Minnesota Brain Injury Alliance

Seniors and Falls

A blow to the head can disrupt the normal function of the brain. This can occur even when there is no visible damage. Concussion is the most common form of brain injury.

Traumatic brain injury symptoms can be missed or misinterpreted by the individual family members and even doctors. People may appear fine even though they're acting or feeling differently.

Every brain injury is different because the brain is very complex. Traumatic brain injuries can adversely affect many functions we take for granted every day, including speech, vision, balance, logic and memory.

After a brain injury or concussion, be alert for symptoms that may not show up for days or even weeks after the injury. An adult should go to the emergency room, see their doctor or call 911 if they experience any of the following:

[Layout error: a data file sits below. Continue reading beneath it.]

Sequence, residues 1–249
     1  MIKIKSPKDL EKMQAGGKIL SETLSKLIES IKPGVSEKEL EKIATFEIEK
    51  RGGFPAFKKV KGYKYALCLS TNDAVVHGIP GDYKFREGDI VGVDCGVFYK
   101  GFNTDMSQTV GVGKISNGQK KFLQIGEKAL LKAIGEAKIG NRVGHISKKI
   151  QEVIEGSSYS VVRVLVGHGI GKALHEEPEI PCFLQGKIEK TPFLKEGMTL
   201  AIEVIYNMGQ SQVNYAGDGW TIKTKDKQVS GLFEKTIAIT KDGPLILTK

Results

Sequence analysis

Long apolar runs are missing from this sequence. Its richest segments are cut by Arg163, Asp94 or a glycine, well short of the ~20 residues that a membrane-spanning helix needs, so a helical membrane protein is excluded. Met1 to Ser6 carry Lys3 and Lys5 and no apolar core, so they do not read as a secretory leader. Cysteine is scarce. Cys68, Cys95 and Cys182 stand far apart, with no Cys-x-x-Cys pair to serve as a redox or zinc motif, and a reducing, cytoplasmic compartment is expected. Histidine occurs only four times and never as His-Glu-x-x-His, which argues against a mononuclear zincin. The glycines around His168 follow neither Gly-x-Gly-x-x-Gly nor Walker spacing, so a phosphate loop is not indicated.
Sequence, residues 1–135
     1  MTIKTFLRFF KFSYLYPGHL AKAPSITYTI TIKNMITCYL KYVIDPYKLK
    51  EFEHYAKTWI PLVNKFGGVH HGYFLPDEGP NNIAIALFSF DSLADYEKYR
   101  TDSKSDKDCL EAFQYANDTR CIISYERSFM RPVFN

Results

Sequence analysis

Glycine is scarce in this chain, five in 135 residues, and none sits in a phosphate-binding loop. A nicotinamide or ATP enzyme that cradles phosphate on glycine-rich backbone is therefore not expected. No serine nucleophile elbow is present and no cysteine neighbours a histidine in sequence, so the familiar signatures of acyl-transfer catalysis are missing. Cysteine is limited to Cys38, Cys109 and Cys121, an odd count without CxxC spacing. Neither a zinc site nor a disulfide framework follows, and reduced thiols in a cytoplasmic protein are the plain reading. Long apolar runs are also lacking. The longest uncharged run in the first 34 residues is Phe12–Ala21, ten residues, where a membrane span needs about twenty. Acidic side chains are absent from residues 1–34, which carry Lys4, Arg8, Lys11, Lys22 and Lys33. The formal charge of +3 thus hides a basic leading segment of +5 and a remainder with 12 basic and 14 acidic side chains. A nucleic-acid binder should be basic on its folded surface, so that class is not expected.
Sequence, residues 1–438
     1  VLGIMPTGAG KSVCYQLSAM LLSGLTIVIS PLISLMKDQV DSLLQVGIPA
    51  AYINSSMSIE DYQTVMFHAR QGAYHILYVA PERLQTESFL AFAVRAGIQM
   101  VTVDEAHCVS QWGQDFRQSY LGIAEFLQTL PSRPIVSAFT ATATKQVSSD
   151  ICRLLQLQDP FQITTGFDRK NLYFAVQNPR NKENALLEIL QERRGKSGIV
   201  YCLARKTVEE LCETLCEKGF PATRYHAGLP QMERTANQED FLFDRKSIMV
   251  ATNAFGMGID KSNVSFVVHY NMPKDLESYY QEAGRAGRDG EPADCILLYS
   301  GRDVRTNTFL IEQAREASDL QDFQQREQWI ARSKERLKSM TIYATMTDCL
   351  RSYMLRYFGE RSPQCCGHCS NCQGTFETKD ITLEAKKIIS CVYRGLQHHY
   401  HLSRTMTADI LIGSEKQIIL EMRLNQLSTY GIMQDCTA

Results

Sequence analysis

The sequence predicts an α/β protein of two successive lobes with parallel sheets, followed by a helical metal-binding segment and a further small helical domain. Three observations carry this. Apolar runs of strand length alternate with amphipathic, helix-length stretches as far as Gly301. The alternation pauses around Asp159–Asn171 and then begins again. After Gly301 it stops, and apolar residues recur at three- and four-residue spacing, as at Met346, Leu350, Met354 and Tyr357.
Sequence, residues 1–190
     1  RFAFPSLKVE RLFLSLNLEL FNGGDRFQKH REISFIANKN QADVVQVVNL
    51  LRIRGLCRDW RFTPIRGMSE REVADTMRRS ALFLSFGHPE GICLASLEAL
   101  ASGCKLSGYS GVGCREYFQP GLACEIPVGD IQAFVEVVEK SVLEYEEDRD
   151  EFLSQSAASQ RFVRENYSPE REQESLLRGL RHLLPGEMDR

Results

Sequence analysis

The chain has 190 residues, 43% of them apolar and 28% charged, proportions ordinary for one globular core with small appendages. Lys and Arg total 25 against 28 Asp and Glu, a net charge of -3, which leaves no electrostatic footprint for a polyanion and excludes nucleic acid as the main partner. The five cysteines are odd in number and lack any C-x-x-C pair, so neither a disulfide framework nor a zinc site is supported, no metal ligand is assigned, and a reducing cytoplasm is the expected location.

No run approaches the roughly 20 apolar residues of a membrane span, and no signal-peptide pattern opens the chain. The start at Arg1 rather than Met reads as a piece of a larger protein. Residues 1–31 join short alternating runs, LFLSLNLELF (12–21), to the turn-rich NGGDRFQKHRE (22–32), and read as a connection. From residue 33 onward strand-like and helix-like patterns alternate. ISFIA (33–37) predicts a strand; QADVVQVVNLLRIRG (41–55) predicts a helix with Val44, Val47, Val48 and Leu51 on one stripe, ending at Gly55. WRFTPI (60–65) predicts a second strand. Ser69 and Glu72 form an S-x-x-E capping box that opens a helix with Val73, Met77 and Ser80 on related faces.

• Trouble answering simple questions
  • A headache that gets worse even after medication
  • Changes in personality or behavior
  • Pupils are different sizes
  • Stumbling or problems with balance
  • Double vision, dizziness or slurred speech
  • Seizures
  • Blood or clear fluid from nose or ears
  • Persistent vomiting

If you answer yes to the following questions, talk to your doctor about getting help:

  • Has there been a personality change?
  • Does the individual get angry for no reason?
  • Does the individual get lost or easily confused?
  • Does the individual have more trouble than usual making decisions?
  • Is there a significant drop in performance (work, sports, social, etc.)?
  • Are there problems in thinking processes (memory, concentration, learning, speaking or understanding)?
  • For more information on falls and prevention, contact the Minnesota Brain Injury Alliance at 612-378-2742 or 800-669-6442.